They Might Be Giants (1971) starring George C. Scott, Joanne Woodward, Jack Gilford, Lester Rawlins, Al Lewis, Rue McClanahan directed by Anthony Harvey Movie Review

They Might Be Giants (1971)   4/54/54/54/54/5

George C. Scott in They Might Be Giants (1971)

Elementary Entertainment

Ever since his wife died Judge Justin Playfair (George C. Scott - The Hustler) has withdrawn into another world where he is convinced he is Sherlock Holmes and his nemesis Moriarty is after him. Playfair's brother who is in need of money as he is being blackmailed decides to have his brother committed so that he can get his hands on his brother's money. Doctor Mildred Watson (Joanne Woodward - Philadelphia) who is called upon to assess Playfair becomes fascinated by this classic delusional who exhibits amazing skills of deduction and finds herself drawn into what Playfair thinks is a case and becomes to question whether he is as delusional as he seems.

There are many sorts of movie reviewers, some are trained and have studied the subject whilst there are others who review as movie fans who are looking for entertainment. I put myself in the second category as whilst I have learnt plenty about cinema from watching and reviewing thousands of movies my main concern when I watch a movie is how much it entertains or interests me. As such whilst some reviewers have watched "They Might Be Giants" and picked up on things from its similarity to Don Quixote to its flaws the thing I picked up on was that it is simply a lot of fun.

Joanne Woodward in They Might Be Giants (1971)

That fun starts with some simply brilliant performances beginning with George C. Scott who makes for a wonderful Sherlock Holmes. The matter of fact, curmudgeonly and direct manner he embues his character with delivers one laugh after another. From the way he berates those he sees as foolish to the eccentric ways he deduces things it is simply wonderful. But George C. Scott is matched by Joanne Woodward who brings her own touch of eccentricity to the role of Mildred Watson, quirky and walking that fine line herself of being a little crazy herself. Scott and Woodward work so brilliantly together in this hilarious odd couple set up which from the minute they end up together just charms us.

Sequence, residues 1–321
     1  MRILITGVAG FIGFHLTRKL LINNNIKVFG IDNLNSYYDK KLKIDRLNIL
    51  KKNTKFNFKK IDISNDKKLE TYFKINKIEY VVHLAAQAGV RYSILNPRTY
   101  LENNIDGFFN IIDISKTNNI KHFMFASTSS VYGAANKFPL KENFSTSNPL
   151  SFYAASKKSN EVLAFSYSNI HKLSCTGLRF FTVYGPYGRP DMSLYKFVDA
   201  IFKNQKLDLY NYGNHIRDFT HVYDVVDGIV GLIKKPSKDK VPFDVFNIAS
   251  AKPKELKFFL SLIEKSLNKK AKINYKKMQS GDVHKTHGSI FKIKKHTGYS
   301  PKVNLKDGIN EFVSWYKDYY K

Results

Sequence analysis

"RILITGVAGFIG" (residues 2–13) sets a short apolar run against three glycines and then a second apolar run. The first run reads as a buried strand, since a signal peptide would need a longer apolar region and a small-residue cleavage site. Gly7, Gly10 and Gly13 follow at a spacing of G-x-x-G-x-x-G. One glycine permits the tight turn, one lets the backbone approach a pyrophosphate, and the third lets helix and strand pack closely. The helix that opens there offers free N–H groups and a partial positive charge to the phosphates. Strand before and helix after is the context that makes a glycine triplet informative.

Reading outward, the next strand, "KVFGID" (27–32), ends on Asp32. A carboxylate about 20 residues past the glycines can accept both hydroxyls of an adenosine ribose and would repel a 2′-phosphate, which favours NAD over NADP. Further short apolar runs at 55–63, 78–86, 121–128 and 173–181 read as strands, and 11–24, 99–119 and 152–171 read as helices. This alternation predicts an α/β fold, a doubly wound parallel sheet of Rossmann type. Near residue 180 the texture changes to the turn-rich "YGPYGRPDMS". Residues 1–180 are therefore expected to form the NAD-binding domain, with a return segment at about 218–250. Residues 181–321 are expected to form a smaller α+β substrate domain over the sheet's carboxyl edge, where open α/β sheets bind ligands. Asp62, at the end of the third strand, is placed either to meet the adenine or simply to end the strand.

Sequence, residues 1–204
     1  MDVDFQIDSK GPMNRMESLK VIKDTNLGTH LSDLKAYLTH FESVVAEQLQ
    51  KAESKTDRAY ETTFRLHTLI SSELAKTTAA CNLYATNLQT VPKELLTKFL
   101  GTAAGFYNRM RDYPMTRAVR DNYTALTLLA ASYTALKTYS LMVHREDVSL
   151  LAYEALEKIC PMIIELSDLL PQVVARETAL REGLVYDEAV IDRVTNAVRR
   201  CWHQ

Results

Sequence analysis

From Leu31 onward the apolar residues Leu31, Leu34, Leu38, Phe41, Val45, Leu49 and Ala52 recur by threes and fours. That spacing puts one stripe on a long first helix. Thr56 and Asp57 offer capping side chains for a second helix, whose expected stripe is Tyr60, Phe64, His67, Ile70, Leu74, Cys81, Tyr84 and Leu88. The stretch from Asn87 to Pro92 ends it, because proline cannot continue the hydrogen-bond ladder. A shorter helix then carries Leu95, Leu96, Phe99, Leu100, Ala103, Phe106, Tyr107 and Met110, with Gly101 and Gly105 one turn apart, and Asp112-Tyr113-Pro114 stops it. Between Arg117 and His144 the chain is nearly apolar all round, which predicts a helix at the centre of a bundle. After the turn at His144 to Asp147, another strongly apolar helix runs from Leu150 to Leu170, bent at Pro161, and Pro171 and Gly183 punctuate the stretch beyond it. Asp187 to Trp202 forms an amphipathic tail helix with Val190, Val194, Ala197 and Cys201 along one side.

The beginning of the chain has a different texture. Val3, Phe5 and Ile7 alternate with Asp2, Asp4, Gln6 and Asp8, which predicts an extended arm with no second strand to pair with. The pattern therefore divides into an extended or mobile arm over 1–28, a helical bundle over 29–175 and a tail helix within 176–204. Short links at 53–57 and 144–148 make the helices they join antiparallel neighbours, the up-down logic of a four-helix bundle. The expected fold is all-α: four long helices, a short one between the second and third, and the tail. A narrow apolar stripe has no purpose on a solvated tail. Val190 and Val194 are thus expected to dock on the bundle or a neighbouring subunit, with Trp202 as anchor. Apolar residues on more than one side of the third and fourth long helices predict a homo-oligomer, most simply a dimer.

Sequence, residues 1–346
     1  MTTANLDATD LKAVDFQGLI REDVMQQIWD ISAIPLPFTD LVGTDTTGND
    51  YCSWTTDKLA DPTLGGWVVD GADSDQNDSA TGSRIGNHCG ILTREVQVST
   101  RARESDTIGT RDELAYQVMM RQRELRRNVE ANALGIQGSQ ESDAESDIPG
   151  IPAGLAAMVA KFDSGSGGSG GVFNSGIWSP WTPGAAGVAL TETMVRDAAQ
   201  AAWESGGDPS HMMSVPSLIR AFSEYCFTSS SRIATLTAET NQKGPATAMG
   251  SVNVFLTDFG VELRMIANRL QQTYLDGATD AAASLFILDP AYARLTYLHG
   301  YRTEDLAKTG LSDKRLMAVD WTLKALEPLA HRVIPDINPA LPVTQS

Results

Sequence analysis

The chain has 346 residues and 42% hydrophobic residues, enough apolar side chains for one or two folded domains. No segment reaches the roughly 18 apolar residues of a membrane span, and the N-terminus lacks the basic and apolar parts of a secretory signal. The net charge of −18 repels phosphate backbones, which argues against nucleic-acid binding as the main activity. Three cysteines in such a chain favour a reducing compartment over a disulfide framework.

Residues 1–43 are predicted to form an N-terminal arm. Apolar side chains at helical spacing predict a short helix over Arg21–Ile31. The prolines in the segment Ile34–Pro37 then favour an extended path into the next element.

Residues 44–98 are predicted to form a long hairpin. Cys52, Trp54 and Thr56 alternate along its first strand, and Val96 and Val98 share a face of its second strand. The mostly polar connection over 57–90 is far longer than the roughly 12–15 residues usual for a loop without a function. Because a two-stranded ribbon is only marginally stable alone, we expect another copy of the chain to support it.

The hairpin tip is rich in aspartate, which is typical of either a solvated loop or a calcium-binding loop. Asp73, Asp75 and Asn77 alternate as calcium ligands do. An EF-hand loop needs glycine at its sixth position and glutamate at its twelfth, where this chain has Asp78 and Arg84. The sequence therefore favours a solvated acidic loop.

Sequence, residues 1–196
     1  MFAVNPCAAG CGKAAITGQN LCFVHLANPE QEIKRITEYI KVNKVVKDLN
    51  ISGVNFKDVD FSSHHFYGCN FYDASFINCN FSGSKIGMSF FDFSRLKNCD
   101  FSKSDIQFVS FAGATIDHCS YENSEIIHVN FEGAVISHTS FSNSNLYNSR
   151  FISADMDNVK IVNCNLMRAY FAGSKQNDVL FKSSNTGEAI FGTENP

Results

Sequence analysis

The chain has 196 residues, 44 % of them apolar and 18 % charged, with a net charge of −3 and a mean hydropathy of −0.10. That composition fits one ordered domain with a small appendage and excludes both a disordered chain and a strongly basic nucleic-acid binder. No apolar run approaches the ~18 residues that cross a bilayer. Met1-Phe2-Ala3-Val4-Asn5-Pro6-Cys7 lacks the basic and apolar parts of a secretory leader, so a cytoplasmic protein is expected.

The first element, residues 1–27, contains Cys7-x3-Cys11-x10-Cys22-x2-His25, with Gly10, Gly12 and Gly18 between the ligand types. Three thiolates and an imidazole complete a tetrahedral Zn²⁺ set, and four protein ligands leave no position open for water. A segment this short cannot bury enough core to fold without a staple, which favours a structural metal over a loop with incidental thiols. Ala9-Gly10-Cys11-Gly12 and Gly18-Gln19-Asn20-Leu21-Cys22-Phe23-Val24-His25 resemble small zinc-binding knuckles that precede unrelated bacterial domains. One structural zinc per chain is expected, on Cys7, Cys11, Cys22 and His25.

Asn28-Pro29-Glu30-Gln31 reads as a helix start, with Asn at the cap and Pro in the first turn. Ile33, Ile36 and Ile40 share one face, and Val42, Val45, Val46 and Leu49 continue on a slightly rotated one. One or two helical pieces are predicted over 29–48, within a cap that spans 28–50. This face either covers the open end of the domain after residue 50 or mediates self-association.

But there is also the storyline although in truth I should say the series of hilarious scenes which build up the story. The initial meeting between Holmes and Watson when Holmes diagnosis why one of her patients is silent is pure gold. But then so is one shortly after when Holmes deduces that Moriarty has left him a message at the telephone company which leads to one of many wicked asides when a policeman calls Holmes Mr. Rathbone. I could go on because "They Might Be Giants" is jam packed of quirky scenes which continuously make you smile even when you watch it for the second, third or no matter how many times.

In truth the storyline itself ends up becoming less and less important as we are treated to all these funny scenes and the wonderful acting of Scott and Woodward. But Scott and Woodward are not the only entertaining performance and there are a lot of amusing supporting performances be it Jack Gilford as Holmes' friend or Rue McClanahan as Holmes' sister-in-law who loves his new eccentric alter ego.

What this all boils down to is that "They Might Be Giants" may not be the most technically brilliant movie and might have some flaws but it is simply entertaining from start to finish.